SLOVAKIA will probably have to return money received from European Union structural funds due to prevailing problems with public procurements, particularly over the way the country has organised some of its tenders. The country’s representatives are currently discussing the exact sum with the European Commission, which will then have to be substituted with money from the state budget, the Sme daily reported in its August 22 issue.
Deputy Prime Minister for Investments Ľubomír Vážny expects the sum to be anywhere between €30 million and €100 million. The EC did not comment on the expected amount, saying that they are still in negotiations. The final sum should be set in September, Sme wrote.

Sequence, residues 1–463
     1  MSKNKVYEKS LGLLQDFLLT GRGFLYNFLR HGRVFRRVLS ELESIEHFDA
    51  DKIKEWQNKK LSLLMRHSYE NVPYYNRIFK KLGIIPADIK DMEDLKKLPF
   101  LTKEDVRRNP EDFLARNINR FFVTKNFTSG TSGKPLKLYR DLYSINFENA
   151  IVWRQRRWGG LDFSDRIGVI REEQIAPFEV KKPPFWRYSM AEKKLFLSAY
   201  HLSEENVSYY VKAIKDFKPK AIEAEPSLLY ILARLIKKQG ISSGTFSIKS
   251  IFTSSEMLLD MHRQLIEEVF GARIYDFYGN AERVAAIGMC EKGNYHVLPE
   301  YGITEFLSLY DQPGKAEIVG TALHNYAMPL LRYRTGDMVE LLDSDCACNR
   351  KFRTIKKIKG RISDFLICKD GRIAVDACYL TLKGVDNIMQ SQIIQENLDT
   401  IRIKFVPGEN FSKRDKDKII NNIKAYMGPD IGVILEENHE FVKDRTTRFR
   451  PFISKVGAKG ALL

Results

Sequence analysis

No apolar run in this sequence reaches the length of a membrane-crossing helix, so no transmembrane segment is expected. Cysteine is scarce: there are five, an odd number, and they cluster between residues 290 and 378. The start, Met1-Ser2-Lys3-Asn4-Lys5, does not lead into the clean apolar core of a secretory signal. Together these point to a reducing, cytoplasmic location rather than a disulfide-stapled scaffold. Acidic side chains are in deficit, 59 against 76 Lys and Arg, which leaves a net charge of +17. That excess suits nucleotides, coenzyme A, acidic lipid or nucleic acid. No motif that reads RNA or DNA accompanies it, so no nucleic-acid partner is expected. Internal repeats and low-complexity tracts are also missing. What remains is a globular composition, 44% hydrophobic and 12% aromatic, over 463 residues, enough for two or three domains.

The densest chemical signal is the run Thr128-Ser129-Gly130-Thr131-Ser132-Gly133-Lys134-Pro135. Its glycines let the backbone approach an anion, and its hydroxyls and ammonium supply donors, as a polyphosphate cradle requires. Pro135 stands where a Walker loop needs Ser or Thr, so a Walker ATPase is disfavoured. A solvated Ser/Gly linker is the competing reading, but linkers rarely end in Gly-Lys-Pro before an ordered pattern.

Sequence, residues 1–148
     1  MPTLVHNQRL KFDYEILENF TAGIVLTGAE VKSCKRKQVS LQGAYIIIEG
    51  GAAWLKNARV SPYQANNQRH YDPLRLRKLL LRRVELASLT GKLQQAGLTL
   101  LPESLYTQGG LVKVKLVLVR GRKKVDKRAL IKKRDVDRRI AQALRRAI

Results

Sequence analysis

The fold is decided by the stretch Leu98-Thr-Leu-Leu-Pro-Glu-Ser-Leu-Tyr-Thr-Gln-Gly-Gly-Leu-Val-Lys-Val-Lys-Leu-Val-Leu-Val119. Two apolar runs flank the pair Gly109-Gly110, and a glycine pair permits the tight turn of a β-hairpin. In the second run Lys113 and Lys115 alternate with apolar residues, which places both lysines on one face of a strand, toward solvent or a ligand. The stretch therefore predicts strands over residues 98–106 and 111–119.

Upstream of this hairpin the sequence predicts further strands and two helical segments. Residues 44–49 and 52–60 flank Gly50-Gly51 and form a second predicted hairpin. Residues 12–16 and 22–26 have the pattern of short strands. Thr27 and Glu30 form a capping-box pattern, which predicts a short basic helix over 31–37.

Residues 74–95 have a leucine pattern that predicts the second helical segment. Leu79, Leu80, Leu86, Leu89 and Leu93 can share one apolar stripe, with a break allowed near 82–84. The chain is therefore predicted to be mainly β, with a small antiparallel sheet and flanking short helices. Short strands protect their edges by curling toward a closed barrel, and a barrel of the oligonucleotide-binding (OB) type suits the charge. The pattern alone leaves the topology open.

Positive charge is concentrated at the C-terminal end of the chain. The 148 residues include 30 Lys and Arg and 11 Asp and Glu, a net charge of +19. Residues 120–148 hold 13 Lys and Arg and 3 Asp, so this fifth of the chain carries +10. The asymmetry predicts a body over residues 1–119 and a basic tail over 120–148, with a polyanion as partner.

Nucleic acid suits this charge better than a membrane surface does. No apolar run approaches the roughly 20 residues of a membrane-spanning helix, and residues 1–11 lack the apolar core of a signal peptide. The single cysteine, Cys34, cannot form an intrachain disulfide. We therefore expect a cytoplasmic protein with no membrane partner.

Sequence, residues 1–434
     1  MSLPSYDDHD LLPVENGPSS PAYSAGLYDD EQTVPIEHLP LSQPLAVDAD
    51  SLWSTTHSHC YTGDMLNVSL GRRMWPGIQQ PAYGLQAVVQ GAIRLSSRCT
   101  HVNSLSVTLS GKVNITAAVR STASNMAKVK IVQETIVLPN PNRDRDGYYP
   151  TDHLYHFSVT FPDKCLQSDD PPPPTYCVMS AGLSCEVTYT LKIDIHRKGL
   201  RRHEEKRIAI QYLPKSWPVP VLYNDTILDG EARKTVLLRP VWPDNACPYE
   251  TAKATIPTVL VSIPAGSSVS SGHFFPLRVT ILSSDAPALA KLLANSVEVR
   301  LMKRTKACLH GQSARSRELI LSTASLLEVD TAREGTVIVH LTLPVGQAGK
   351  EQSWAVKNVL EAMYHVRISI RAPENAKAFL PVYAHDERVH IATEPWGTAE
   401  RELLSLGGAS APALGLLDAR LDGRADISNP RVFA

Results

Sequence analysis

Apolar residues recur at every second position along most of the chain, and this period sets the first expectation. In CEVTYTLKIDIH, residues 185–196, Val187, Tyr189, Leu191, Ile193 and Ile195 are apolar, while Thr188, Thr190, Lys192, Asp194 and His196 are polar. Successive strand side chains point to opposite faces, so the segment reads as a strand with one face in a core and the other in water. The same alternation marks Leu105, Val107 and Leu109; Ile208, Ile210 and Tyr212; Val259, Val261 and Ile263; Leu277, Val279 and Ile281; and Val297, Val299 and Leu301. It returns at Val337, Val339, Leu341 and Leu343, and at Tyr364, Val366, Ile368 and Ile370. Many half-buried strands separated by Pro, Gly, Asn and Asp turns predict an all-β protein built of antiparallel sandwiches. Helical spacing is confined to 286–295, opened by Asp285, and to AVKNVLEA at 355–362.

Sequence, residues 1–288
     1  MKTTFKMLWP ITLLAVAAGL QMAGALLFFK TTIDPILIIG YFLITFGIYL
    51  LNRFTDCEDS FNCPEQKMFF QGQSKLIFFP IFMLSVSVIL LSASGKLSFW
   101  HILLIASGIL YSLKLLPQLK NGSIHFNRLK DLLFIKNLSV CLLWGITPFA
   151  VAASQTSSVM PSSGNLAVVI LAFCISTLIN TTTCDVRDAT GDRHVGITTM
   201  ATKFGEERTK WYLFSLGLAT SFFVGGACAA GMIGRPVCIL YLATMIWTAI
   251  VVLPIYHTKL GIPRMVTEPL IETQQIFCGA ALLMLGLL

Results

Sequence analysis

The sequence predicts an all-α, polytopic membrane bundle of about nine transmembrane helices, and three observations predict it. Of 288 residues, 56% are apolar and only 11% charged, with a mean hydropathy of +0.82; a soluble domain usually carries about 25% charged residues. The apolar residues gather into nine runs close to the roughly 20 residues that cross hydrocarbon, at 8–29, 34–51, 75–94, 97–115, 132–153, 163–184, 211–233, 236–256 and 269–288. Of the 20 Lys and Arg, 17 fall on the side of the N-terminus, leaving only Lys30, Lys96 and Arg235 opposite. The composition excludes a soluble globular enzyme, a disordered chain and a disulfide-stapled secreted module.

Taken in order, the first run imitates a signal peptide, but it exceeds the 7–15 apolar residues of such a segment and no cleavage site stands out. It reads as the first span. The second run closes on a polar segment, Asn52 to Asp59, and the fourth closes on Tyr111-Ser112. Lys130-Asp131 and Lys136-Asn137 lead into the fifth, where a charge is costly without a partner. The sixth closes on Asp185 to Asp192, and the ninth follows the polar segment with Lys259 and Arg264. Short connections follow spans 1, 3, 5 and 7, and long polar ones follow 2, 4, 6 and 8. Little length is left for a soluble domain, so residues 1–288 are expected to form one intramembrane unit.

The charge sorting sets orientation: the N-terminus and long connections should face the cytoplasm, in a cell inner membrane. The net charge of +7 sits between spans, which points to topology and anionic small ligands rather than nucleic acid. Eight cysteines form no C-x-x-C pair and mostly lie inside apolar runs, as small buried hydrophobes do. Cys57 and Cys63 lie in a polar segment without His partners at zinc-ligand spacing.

No one assumes that Slovakia will come out of this without having to return any money.
“It is possible we will have to return part of the money even this year,” Vážny told Sme.
One of the areas criticised by Brussels are the deadlines for the bidders. Yet, Vážny says that they are in compliance with Slovak law, which the EC does not take into consideration. He added that everybody has been making mistakes with these deadlines, and that this problem has persisted since 2008, as reported by Sme.
The country has already spent nearly €5 billion from the budget allocated for the years 2007-13. If the error rate in public procurements within all operational programmes was set at 7 percent, the country would have to return about €350 million, according to Sme.
26. Aug 2013 at 0:00 | Compiled by Spectator staff